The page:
LONDON Feb 13 London's property is losing its
attraction for investors as they start to venture out of 'safe
havens' and worry that the city's prices look high given a
slowing British economy.
A reputation as a safe place to park money during global
market turmoil helped drive central London office prices up 52
percent between mid-2009 and the end of 2012. Prices in the
smaller luxury residential market grew at a similar pace.
As investors feel calmer about the world in general, they
are looking more closely at London property holdings.
"I cannot help but conclude that London is in bubble
territory," said Ben Habib, Chief Executive of First Property
Group, which owns British and Polish real estate.
"The returns available are very low and capital values
vulnerable to a shock."
Commercial property deals reached nearly 21 billion pounds
($33 billion) last year, according to research group Real
Capital Analytics. That was double the amount for Paris and four
Over 64 percent of money coming into the market was from
abroad - up from 61 percent in 2011 and 55 percent in 2010.
But fears of a euro zone breakup, a slew of U.S. tax rises
and spending cuts or sharply slowing Chinese growth have
diminished - removing factors that had driven the flow of money.
Meanwhile, concerns over Britain itself have grown.
The economy shrank in the last quarter of 2012, Britain's
AAA credit rating looks in danger and the pound is at a 6-month
low against the dollar - in part because of outflows from
government bonds that had themselves been seen as a safe haven.
A weakening pound "may start the unwinding of the great wall
of money," said Jefferies real estate analyst Mike Prew. "A
prime London asset denominated in a secondary currency loses
much of its investment appeal."
YIELDS UNDER SCRUTINY
Not all agree that London property has run out of steam,
citing strong lettings in buildings outside top locations.
"If this is a recession, then not only is London doing
rather well but imagine the impact of any economic and financial
recovery," said Investec property analyst Alan Carter.
When the investor focus turns to yield rather than
preserving capital, sceptics say it is harder to make the case
for London property.
Yields for some Mayfair properties are under 4 percent. They
are below 3 percent for the Rolex store under the One Hyde Park
luxury flat scheme in Knightsbridge. That compares to a longer
term trend of about 5 percent in the wider West End district.
"We don't believe there is good value in prime central
London and are selling to reinvest elsewhere," said Richard
Gwilliam, head of property research at PRUPIM, a real estate
investment arm of British insurer Prudential that has
about 15 billion pounds ($24 billion) under management.
With signs of some half-full or vacant buildings starting to
drop rents, that could also hurt values. A succession of job
cuts announced by banks have added to concerns over demand.
The luxury residential market is already in something of a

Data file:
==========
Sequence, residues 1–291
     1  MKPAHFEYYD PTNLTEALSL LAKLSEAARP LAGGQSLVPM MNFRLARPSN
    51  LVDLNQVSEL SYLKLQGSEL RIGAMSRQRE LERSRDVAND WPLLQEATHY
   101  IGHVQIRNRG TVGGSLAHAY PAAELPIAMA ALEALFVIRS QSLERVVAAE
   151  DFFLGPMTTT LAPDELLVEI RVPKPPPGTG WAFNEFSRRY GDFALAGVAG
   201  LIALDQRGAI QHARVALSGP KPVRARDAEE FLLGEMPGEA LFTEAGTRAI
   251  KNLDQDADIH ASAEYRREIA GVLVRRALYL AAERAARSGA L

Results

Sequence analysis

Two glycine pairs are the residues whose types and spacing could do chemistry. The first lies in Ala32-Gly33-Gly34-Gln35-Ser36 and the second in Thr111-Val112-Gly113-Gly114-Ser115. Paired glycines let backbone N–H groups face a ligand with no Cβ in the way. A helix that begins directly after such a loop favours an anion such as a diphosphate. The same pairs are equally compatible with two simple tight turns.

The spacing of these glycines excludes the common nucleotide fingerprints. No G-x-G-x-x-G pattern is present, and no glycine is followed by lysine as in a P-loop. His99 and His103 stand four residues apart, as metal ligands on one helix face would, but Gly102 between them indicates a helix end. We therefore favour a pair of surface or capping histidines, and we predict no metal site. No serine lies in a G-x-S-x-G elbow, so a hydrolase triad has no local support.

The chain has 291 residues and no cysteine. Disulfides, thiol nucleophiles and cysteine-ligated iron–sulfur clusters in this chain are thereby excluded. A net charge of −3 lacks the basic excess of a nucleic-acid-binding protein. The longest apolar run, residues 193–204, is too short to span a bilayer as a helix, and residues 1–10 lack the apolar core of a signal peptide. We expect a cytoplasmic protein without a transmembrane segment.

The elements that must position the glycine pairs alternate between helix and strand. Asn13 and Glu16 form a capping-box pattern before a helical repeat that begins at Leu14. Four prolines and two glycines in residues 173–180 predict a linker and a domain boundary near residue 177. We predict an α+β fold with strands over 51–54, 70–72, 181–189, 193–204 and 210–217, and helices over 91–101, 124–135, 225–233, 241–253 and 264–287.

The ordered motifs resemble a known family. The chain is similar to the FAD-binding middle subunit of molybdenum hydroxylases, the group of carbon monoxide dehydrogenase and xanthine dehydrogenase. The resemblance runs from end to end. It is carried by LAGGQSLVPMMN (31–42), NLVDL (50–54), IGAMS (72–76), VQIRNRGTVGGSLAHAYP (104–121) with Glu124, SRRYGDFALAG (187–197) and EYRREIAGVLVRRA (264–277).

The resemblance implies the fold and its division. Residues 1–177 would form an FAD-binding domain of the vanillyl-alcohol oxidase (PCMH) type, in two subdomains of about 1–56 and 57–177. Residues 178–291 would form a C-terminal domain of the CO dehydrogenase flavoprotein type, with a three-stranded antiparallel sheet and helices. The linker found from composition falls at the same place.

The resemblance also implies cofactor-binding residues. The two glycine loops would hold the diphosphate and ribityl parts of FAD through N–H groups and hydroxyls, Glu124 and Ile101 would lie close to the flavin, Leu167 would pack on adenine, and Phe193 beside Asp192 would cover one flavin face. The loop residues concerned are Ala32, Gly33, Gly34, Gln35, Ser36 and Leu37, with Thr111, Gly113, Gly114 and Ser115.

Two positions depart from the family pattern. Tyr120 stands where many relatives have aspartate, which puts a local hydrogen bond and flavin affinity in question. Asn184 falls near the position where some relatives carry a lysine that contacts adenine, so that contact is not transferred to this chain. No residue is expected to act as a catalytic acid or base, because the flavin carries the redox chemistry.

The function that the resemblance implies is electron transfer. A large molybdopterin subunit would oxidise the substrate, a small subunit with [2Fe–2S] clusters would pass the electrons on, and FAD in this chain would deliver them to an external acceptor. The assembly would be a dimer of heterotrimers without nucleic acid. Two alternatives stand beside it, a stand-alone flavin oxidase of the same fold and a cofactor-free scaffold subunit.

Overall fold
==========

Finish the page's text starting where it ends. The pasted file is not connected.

hiatus after rises in sales tax for the priciest homes.
"You have a Sword of Damocles hanging over the market," said
Andrew Langton, founder of high-end estate agent Aylesford
International. Deals at the top end of the residential sector
had fallen by two-thirds over the last year, he said.
Those who parked money in London property as a safe haven
may now find it doesn't stack up as well against alternatives.
Benchmark Spanish and Italian 10-year bond yields are
trading above 5 and 4 percent, but without the same perceived
risk of euro zone breakup that sent them soaring last year.
Property has the disadvantages of being a much less liquid
market with things like higher transaction fees, building
maintenance costs and gaps in rental to worry about.
ESCAPE TO THE COUNTRY
For specialist property investors, London is also looking
pricy compared to the rest of Britain.
Outside London and the Southeast, office values have dropped
14 percent since June 2009 , according to property consultant
The gap in yield between West End London offices and
so-called secondary British offices is about 10 percent versus 1
to 2 percent before the crash of 2007.
Property company share prices show London's premium too.
London specialists Derwent London, Great Portland
and Shaftesbury trade at premiums to net asset
value forecasts of about 14 percent, 8 percent and 11 percent
respectively, according to Investec figures.
By contrast, the two largest property firms with real estate
outside London - Land Securities and British Land
- trade at about a 6 percent discount and a 5 percent
discount to their last stated net asset value.
In a sign of the interest outside London, billionaire
investor George Soros last month built a stake of over 5 percent
in Development Securities.
Axa is raising 1 billion pounds to buy property
across Britain on long leases, Aviva Investors is also
looking in British regions and JP Morgan cites better
opportunities away from London's most popular districts.
Beyond Britain, there is also growing interest in some of
the very regions from which money flowed into London in search
of safety. In cities such as Milan and Madrid, the best shopping
centres can command yields of as much as 6.75 percent.
"As euro zone break-up risks subside we may look at southern
peripheral countries," PRUPIM's Gwilliam said.